We sometimes think of memory like we're playing back the video tape of what we experienced. In truth, researchers say, we rebuild our memories each time we recall them, more like a box of Legos than a recording. In fact, it's more accurate to say that we don't remember events--we remember the last time we remembered them. And each time, we have to build them "from scratch, and if much time has passed you stand a good chance of getting the details wrong. With a little influence, you might get big ones wrong."

This leads to something called the misinformation effect. With a little bit of prodding and poking, researchers can get people not only to misremember things that actually happened, they can easily implant new memories like getting lost at a shopping mall or shaking hands with Bugs Bunny at Disney World (Bugs Bunny is a Warner Bros. character and wouldn't be found at a Disney park).

Elizabeth Loftus summarizes what we know about memory by saying: "If there were three words that I would come up with to to describe what memory is, I would say memory is suggestive, subjective, and malleable."

Remember that the next time you listen to eyewitness testimony. Or when you remember anything.

Or think you remember.

Recommended Reading
Slate series on manipulating memory
YouAreNotSoSmart: Misinformation Effect

Sunday, August 14, 2011

Book Review: Least Wanted by Debbi Mack

Least Wanted is the second book in this mystery series featuring lawyer Sam McRae. I’m not exactly sure why I started with this one instead of Identity Crisis. Maybe the description sounded more interesting, maybe I liked the cover better. In any case, this is the one I read first.

I fell in love with Mack’s writing from the very first page. The prose was clear, engaging, and vivid with just the right amount of wit. The author does a great job of introducing us to Shanae and Tina Jackson, two characters vital to the story.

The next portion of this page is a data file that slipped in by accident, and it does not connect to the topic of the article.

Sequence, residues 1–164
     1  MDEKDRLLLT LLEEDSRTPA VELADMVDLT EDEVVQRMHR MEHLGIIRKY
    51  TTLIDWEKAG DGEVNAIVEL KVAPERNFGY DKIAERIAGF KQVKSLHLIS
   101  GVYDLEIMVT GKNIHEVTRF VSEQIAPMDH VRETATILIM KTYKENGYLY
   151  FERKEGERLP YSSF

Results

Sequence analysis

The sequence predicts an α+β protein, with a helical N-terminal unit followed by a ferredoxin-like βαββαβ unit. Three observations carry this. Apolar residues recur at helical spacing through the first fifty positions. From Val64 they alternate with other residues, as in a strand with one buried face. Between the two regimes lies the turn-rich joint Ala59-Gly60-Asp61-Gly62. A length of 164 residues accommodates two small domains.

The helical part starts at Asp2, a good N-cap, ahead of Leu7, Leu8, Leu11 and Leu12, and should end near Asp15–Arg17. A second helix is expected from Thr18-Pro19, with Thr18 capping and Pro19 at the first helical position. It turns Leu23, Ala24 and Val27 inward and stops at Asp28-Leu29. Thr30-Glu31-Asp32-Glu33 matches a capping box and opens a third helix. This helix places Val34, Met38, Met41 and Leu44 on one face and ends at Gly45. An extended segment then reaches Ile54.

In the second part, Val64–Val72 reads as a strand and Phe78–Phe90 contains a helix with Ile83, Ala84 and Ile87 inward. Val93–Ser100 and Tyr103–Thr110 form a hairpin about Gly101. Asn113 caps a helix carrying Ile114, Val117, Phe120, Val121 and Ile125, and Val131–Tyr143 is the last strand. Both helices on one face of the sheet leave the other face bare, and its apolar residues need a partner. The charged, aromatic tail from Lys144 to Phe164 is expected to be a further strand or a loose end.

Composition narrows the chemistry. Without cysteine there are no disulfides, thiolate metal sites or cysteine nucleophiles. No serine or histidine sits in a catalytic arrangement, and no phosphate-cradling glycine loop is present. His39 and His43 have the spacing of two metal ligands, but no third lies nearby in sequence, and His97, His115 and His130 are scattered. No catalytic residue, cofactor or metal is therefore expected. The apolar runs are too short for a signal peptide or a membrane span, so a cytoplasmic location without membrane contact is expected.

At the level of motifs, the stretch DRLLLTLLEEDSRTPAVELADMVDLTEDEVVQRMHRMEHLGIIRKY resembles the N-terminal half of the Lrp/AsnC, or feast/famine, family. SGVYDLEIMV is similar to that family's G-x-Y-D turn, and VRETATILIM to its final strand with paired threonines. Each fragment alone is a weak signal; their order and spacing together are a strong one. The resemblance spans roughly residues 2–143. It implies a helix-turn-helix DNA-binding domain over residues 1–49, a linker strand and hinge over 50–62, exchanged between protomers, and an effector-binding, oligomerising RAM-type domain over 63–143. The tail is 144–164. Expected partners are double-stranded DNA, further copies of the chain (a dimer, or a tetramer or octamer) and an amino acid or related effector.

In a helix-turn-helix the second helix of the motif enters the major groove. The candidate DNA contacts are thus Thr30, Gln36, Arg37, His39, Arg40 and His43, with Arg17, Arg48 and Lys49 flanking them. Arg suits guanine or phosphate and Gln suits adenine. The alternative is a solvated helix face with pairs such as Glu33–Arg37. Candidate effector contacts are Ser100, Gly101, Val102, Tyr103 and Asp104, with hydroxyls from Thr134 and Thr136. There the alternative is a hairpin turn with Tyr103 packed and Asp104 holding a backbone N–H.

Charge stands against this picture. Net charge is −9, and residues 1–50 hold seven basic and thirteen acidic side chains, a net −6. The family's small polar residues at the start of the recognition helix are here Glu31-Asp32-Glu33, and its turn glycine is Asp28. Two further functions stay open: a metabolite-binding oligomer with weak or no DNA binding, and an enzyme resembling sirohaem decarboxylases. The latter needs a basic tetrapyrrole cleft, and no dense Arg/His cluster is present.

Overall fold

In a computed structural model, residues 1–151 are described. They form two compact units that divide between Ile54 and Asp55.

In fact, I think Mack’s description of Tina in the first chapter should be studied by writers who want to make their characters come alive. Just the right mixture of metaphor, exposition, and dialogue, which, by the way, sounded pitch-perfect to my ear.

As soon as I reached the third chapter, however, the story changed directions completely. I was thrown off, and it took me a moment to understand Sam McRae was now taking on a different case. This was, I think, both the book’s greatest strength and greatest weakness. On the one hand, having Sam involved in three (maybe four?) different cases at the same time added a nice touch of realism. Real lawyers do in fact work on more than one case at a time. The juggling of these cases also provided for a nice glimpse into Sam’s personal life. On the other hand, trying to keep the cases and characters straight felt like more of a challenge than it should have been.

My other quibble with the story was with the ending. Without spoiling it, I felt that Sam should have had more of an active role in a climactic confrontation, and that this confrontation was over far too quickly to satisfy.

On the whole, though, Least Wanted had more than enough intrigue and detection to keep this mystery fan happy. I enjoyed the twists and plot developments, and I especially loved Sam’s snarky attitude. I look forward to future adventures with her, and won’t hesitate to buy the next one when it comes out.

Least Wanted Buy Links:

Sunday, August 7, 2011

Cheating Teachers